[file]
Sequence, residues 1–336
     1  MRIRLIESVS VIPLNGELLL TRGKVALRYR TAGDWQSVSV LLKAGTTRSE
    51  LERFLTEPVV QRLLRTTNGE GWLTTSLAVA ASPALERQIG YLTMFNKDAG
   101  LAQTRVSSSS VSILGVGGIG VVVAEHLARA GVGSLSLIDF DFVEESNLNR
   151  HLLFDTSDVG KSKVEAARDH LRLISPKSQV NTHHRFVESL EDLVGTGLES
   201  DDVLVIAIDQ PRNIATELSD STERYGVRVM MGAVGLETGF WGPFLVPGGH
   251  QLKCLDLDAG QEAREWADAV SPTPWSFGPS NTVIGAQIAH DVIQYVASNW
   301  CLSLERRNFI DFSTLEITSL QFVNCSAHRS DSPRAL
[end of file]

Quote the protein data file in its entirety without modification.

Sequence, residues 1–336
     1  MRIRLIESVS VIPLNGELLL TRGKVALRYR TAGDWQSVSV LLKAGTTRSE
    51  LERFLTEPVV QRLLRTTNGE GWLTTSLAVA ASPALERQIG YLTMFNKDAG
   101  LAQTRVSSSS VSILGVGGIG VVVAEHLARA GVGSLSLIDF DFVEESNLNR
   151  HLLFDTSDVG KSKVEAARDH LRLISPKSQV NTHHRFVESL EDLVGTGLES
   201  DDVLVIAIDQ PRNIATELSD STERYGVRVM MGAVGLETGF WGPFLVPGGH
   251  QLKCLDLDAG QEAREWADAV SPTPWSFGPS NTVIGAQIAH DVIQYVASNW
   301  CLSLERRNFI DFSTLEITSL QFVNCSAHRS DSPRAL